Acer, the embattled PC maker less than a month after overhauling its top executive positions, wants to remake itself as a PC vendor that also offers cloud software and services.
The company is looking to leverage the cloud computing capabilities it already has—inherited through such deals as the $320 million acquisition of cloud specialist iGware in 2011—with its strength in PCs and other consumer computing devices to become what officials are calling a “hardware plus software and services” vendor.
A key to that vision will be the company’s Build Your Own Cloud (BYOC) offering, announced Dec. 18 by founder Stan Shih, who returned to the company in November as president and CEO after the executives who previously held those positions resigned following disappointing financial numbers over the past several years.
According to Shih, the company more than a decade ago began to lay the foundation for what would be Acer’s cloud technology, with the development of the Basic Computer (BC) and Specific Usage Computing (XC) initiatives and the Mega Infrastructure, Micro Services idea for e-services as part of a larger vision Acer called its eData Center business. Over the last two years, the company created AcerCloud and apps, a file-sharing and media management solution that enables users to retrieve and share multimedia and data files via a range of computing devices.
The iGware acquisition—Acer renamed the company Acer Cloud Technologies, or ACTI—further enhanced Acer’s capabilities in managing its cloud application platform.
“We are embarking on this transformation based on our existing core capabilities. On the one hand, with our PC and mobile devices we have sufficient strength and scale,” Shih said in a statement, noting the BC and XC concepts. “It can be said we have already sown the seeds for cloud technology long ago. This was further developed two years ago when we acquired iGware … to focus on developing the cloud business.”
Through Acer’s BYOC plan, consumers will be able to build their own personal clouds on their own devices, enabling them to integrate their PC and mobile devices for accessing data, such as music and photos. In addition, Acer will design and enhance its own apps to improve the customer experience, and will offer other software and services to help consumers build their own clouds, according to officials. The self-built clouds will be based on Acer’s Open Platform technology.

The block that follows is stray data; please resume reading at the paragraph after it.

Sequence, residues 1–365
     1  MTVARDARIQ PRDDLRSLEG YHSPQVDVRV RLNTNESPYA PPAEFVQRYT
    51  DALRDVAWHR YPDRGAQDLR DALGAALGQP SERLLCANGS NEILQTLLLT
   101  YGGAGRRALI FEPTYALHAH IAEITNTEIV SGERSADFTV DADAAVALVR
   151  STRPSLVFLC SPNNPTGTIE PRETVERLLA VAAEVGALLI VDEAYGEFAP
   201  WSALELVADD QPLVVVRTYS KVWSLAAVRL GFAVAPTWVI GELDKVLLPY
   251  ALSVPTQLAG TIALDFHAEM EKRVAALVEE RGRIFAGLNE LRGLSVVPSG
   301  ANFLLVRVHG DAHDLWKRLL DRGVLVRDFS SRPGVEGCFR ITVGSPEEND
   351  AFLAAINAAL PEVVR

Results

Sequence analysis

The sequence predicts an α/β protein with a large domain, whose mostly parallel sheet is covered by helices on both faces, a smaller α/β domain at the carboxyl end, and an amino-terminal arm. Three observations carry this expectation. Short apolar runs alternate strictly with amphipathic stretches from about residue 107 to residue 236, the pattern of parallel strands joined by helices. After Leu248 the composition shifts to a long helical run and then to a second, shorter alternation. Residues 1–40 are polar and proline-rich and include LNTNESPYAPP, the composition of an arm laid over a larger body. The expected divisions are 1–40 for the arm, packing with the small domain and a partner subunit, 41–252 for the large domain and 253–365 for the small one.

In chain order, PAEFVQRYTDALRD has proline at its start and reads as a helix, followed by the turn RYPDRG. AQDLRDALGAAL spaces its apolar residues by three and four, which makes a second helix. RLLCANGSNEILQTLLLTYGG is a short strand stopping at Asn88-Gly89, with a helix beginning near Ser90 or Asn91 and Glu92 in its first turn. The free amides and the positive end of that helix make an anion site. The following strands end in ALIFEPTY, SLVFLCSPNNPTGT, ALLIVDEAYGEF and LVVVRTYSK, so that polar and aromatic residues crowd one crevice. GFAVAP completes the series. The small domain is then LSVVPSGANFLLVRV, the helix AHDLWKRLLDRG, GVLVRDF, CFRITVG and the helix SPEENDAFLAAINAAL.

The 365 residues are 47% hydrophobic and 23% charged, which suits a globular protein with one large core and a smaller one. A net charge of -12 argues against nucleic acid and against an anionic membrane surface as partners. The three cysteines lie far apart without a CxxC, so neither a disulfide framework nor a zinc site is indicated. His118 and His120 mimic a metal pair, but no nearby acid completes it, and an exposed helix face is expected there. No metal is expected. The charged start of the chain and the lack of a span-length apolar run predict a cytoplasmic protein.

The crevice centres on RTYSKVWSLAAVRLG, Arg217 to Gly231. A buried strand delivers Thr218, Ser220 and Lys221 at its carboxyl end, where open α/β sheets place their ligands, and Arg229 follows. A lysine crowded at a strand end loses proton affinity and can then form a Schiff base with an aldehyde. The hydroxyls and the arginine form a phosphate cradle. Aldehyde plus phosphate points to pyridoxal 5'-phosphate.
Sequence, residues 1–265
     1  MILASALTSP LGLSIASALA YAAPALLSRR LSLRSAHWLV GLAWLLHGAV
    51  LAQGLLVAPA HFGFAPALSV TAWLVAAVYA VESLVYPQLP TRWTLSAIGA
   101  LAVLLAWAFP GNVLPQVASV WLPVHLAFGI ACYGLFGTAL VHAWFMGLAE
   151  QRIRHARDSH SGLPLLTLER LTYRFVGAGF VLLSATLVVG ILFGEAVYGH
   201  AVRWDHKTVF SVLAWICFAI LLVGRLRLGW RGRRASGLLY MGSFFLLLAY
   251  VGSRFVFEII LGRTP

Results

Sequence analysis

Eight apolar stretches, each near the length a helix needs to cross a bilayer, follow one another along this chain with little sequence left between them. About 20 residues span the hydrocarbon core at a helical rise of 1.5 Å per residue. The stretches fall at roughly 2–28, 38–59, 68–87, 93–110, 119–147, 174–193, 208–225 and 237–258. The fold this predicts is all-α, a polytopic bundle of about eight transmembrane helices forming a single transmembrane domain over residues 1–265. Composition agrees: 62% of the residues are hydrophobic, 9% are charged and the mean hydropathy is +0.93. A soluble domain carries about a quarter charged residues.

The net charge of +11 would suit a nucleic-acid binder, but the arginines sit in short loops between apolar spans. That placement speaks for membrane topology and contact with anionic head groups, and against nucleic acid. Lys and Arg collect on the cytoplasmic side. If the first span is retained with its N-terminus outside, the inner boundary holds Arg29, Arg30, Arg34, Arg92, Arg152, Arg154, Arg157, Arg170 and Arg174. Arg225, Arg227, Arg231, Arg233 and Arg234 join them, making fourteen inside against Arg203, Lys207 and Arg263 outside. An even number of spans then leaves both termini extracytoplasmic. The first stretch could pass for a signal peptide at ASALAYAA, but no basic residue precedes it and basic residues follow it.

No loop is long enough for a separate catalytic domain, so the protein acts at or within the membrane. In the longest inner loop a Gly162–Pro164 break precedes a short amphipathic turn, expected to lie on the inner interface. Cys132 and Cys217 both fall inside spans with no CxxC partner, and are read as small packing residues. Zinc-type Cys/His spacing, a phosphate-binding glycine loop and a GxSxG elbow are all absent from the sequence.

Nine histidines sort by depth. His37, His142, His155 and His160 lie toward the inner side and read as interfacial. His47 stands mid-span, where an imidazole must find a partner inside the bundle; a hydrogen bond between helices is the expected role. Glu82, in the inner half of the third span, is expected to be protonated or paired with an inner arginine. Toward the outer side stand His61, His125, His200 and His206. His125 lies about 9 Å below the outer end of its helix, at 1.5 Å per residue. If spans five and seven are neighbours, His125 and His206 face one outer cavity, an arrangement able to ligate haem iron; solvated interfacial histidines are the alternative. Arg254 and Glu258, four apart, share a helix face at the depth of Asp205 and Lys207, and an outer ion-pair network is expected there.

Gartner analysts have said personal clouds will grow in popularity during 2014, with consumers using a range of devices and the personal clouds becoming the primary hubs among them.
Acer Looks to Cloud to Offset Slowing PC Sales
Selling software and services will help keep Acer more engaged with its customers after selling a device. With the new offerings, selling a notebook, tablet or smartphone will only be the beginning of the customer engagement, officials said. Acer—like rivals such as Hewlett-Packard and Dell—has been hit hard by the slowdown in PC sales worldwide over the past couple of years. However, the market for PCs plus mobile devices is strong, and those devices will form the foundation for the company’s cloud efforts, officials said.
“BYOC represents Acer’s vision to win in the era of cloud services,” Shih said. “Built on an open platform, our cloud technology follows the [Chinese philosophy] Wangdao mindset to focus on innovative applications for a higher quality of life, and to create value with all stakeholders and share the benefits with them. Acer will strive to strengthen core competencies to create value and to construct a mechanism to balance all interests.”
The idea for BYOC came after two days of meeting with 40 executives, and fits in well with what Acer is looking to achieve through its restructuring efforts, officials said.
It wasn’t that long ago when Acer officials expected netbook sales to propel it to greater heights in the larger PC market, enabling the company to challenge HP and Dell. However, the PC slowdown, fueled by the rise in popularity of tablets and smartphones, has been difficult on Acer. Most recently, Acer’s third-quarter revenues fell 11.8 percent—to $2.11 billion—from the same period in 2012, while losses grew to $86.61 million.
After releasing those financial numbers last month, Acer announced that T.J. Wang was resigning as chairman and CEO, and would be replaced by President Jim Wong. However, within two weeks, Wong resigned, and eventually was replaced by Shih.
Acer’s restructuring plan calls for cutting its workforce by 7 percent to save $100 million in expenses. The company also will shed some products as it looks to streamline its portfolio.